Mexico City Farmers digging in a citrus grove in the Mexican state of Veracruz have found a female statue about six feet high that could represent an elite woman and not a god or a combination of the two, experts said Friday.
It was the first statue of its kind to be found in the Tuxpan River basin, south of the Huastika Veracruzana River, according to National Institute of Anthropology and History (INAH).
The National Institute of Women claimed that the woman in the carved statue had an elaborate headscarf and other signs of her social status, and it can date back to between 1450 and 1521. Although the piece was found near El Tajín pre-Hispanic ruins, it does show some Aztec influence.
Farmers digging at the farm found the statue on New Year’s Day and promptly reported the authorities. The area in which it was found is not considered an archaeological site, and the stone statue may have been moved from an unknown location.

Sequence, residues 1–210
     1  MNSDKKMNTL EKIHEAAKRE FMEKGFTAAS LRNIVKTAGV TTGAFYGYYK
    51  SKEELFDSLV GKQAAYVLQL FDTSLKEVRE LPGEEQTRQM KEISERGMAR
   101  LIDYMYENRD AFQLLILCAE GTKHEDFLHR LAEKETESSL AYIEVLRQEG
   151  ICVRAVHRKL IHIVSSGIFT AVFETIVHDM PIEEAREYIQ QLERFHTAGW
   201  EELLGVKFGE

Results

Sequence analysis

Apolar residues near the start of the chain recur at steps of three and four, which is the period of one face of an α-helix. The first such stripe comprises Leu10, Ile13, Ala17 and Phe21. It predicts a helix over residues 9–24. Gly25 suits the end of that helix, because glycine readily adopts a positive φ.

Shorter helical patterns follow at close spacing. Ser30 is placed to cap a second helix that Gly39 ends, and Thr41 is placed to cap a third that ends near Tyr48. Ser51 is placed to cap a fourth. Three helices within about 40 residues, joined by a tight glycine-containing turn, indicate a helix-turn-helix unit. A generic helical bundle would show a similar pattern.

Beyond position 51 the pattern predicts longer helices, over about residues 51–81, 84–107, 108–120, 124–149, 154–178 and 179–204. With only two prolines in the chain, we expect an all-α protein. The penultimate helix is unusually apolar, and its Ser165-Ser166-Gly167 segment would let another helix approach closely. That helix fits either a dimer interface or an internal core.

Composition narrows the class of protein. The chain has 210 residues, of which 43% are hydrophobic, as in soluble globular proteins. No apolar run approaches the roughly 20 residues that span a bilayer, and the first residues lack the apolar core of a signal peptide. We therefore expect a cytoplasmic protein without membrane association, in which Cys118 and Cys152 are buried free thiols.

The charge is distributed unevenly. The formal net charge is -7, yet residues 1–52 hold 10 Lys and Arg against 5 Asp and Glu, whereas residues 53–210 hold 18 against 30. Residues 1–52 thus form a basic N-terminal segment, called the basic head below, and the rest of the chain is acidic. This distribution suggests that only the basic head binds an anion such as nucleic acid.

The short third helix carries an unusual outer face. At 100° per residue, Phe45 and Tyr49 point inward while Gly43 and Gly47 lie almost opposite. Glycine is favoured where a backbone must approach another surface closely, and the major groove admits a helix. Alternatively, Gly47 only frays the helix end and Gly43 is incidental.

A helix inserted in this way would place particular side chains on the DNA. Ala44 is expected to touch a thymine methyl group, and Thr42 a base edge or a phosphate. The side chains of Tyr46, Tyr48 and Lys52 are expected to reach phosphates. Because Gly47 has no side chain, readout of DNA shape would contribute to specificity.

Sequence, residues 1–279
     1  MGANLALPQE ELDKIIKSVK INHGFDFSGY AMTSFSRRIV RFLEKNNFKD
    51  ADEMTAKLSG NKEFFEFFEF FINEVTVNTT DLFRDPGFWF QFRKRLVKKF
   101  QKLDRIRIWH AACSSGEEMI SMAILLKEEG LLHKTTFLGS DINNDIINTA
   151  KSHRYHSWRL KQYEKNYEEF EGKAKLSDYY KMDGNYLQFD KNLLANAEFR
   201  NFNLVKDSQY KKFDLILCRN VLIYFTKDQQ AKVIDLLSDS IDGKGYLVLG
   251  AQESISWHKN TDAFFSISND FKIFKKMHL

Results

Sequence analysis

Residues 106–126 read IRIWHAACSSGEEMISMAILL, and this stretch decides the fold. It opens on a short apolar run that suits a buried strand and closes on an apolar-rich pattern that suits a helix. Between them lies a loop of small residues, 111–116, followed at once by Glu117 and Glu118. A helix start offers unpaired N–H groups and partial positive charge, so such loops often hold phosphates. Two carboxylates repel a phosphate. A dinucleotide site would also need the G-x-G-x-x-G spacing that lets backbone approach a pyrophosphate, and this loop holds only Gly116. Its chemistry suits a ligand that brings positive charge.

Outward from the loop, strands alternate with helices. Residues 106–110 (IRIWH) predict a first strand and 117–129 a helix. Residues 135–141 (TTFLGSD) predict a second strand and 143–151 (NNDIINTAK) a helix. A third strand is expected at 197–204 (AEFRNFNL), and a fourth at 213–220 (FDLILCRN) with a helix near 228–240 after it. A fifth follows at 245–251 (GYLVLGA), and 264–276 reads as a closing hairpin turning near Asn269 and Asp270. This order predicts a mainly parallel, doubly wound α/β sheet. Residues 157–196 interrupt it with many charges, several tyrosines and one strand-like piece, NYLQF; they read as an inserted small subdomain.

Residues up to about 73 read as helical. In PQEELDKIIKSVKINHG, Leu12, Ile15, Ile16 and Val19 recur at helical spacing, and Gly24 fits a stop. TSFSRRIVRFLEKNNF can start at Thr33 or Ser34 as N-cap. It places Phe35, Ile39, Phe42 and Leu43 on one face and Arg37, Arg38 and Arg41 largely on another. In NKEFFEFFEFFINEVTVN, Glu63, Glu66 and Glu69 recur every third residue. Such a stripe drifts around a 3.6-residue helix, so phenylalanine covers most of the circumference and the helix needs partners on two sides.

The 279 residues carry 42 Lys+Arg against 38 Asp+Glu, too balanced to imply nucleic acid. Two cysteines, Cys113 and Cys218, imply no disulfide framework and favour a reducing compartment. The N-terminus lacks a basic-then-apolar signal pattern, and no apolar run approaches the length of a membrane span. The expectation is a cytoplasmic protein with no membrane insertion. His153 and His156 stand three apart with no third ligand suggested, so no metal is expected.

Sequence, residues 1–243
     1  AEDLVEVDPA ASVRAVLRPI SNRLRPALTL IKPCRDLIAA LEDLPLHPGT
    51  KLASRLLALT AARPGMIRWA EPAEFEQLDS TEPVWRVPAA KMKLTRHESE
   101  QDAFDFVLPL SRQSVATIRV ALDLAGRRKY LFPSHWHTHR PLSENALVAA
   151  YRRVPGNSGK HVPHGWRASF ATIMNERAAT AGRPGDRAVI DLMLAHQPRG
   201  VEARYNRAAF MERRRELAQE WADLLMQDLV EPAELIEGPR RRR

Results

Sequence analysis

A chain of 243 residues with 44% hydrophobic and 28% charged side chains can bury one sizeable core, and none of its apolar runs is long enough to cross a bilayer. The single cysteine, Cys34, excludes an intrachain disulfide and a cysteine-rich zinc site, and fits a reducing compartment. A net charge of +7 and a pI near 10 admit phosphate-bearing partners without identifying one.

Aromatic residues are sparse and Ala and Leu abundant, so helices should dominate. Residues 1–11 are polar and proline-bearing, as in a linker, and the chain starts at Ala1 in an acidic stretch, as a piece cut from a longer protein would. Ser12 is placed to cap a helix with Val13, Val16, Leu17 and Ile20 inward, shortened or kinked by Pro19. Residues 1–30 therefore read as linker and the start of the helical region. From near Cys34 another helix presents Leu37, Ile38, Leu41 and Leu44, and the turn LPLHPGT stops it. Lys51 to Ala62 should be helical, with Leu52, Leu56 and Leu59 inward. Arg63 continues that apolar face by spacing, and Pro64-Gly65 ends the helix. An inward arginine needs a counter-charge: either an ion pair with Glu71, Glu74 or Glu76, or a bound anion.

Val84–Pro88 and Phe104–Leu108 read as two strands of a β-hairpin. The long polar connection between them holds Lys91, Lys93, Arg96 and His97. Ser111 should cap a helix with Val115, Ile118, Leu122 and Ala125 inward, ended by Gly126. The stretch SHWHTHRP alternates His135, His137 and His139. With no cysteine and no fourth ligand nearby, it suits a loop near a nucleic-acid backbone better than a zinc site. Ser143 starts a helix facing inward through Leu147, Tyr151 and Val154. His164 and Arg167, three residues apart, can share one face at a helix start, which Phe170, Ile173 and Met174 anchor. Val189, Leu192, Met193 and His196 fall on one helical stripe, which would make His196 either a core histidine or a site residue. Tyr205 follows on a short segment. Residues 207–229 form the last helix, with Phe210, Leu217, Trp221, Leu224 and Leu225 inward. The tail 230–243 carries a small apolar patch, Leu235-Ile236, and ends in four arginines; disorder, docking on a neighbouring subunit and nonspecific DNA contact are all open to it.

It is not known with certainty who represents the statue, which has large eyes and open mouth.
Maria Eugenia Maldonado Fett, an archaeologist at INAH, writes that this piece represents a young woman “who is likely to be a ruler because of her status and clothes, not a god.”
Maldonado said this figure could be a “late amalgamation of the Tim deities with representations of women of high social or political standing in Huastika”. These deities were part of the fertility cult.
Elsewhere, pre-Hispanic figures are found who represent high-ranking or ruling women in Mexico.
In 1994, at the Mayan ruin site in Palenque, archaeologists found the tomb of a woman they named the Red Queen because of the dye that covered her grave. But it has never been proven that the woman, whose grave dates from between 600 and 700 AD, was the ruler of Palenque.